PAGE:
Tom Crane reports on the value of wireless technology in helping to meet changing standards in the fire industry and outlines how it can also help to address some of the other challenges we are facing
The pressures on end users to maintain the very best fire system protection for their occupants, and installers to ensure they safely, quickly and efficiently install compliant, high performance systems has never been greater.
The current challenge facing every fire market in the world is significant: how to install the best equipment to code while spending as little time on site as possible, while respecting social distancing and health and safety regulations, while disturbing occupants’ lives or businesses as little as possible, and all the while guaranteeing costs and timeframes. A number of stakeholders are taking advantage of wireless detection and alarm technology at this time because of its unique advantages.
A wired fire system can take months to plan and install and, depending on the design of the building, there are often things you need to work around. Even when works gets underway, there can be unexpected issues that delay the schedule and increase the cost. These might range from changes to the building that were not included in the plans, to asbestos and external factors, such as the availability of other contractors and tradespeople, and what to do with occupants during install.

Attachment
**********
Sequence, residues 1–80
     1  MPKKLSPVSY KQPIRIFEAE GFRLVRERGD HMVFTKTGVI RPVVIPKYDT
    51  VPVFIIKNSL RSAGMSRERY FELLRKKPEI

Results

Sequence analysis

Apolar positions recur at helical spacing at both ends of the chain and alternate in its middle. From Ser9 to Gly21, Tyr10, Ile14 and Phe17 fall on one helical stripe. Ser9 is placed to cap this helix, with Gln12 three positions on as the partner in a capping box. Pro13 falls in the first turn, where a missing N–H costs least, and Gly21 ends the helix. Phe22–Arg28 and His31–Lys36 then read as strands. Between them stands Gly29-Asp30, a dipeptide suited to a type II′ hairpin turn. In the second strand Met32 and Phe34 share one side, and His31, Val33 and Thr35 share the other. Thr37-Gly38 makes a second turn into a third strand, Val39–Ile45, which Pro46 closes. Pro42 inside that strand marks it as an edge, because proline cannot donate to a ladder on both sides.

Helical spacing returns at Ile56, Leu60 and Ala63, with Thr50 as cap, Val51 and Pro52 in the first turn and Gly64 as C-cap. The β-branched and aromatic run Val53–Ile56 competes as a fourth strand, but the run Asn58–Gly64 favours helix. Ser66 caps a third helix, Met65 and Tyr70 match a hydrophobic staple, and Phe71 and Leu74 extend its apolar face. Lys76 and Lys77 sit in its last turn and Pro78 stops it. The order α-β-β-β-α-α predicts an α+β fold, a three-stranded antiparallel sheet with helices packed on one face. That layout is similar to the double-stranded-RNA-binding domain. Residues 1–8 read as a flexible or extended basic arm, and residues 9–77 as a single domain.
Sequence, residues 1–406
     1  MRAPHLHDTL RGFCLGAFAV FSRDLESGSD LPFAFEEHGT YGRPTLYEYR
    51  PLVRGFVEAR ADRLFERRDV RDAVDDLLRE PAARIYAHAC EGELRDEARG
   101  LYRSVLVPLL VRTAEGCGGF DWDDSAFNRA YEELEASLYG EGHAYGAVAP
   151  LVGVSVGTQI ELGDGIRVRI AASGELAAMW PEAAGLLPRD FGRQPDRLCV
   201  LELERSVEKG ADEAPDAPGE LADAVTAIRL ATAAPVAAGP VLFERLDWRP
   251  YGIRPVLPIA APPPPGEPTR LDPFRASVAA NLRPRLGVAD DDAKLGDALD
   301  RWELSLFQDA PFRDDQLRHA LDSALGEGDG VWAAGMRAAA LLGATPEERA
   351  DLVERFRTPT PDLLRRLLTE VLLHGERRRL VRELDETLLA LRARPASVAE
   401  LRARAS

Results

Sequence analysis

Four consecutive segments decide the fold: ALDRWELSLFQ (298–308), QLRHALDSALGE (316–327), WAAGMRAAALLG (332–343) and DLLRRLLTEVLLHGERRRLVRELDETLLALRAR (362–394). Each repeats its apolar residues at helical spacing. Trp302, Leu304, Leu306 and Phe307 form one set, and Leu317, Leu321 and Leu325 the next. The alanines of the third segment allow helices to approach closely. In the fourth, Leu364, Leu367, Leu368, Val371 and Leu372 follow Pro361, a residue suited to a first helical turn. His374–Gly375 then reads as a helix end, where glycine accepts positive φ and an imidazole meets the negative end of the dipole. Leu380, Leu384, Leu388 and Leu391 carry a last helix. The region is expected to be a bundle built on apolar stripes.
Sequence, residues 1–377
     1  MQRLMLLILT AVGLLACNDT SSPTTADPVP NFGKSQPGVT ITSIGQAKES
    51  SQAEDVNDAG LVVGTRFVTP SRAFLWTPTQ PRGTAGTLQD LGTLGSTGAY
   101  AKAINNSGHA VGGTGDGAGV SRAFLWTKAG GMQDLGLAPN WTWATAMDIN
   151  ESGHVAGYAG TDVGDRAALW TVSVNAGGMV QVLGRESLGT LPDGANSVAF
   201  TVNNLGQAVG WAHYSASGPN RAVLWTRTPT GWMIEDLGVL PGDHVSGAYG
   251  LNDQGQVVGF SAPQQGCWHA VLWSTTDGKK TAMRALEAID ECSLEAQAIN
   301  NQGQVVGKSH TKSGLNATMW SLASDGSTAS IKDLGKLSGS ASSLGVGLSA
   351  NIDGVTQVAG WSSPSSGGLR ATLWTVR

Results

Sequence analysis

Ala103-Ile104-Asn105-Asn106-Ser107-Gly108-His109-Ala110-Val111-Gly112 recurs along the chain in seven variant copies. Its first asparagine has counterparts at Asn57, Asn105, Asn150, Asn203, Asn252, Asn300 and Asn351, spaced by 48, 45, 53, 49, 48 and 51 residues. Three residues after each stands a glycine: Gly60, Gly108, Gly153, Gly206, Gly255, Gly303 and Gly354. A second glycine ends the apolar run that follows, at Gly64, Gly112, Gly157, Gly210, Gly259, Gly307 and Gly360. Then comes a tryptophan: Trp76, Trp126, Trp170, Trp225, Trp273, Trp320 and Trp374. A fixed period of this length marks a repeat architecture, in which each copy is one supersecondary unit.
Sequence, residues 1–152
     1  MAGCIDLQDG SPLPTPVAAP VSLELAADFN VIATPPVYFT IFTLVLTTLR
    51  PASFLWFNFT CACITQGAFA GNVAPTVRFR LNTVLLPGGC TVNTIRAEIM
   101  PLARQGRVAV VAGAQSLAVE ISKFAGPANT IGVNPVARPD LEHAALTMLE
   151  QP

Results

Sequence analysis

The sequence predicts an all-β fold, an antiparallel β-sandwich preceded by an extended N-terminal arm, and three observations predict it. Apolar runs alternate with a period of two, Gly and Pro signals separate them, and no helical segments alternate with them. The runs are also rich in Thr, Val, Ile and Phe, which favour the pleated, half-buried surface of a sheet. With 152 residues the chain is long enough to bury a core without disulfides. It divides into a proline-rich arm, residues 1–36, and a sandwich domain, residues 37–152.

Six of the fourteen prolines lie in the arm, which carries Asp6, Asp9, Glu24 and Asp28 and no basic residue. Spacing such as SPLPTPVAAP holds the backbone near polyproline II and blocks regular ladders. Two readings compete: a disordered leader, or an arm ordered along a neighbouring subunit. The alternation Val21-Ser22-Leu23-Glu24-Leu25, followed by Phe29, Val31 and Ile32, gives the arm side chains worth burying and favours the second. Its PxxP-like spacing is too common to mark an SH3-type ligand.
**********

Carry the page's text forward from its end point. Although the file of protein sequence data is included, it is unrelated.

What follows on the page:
With a wired fire system, there are many uncertainties we have learned to live with, all of which mean that the fire installer, project manager and/or end user never have full oversight of the situation. This makes it difficult to allocate resources, from people to cashflow, effectively, especially when you need different skills at different times, and creates a much greater organisational challenge. This can create uncertainty for fire professionals, end users and often the occupants of a building, as well as adding to costs, all of which are multiplied in the current international emergency.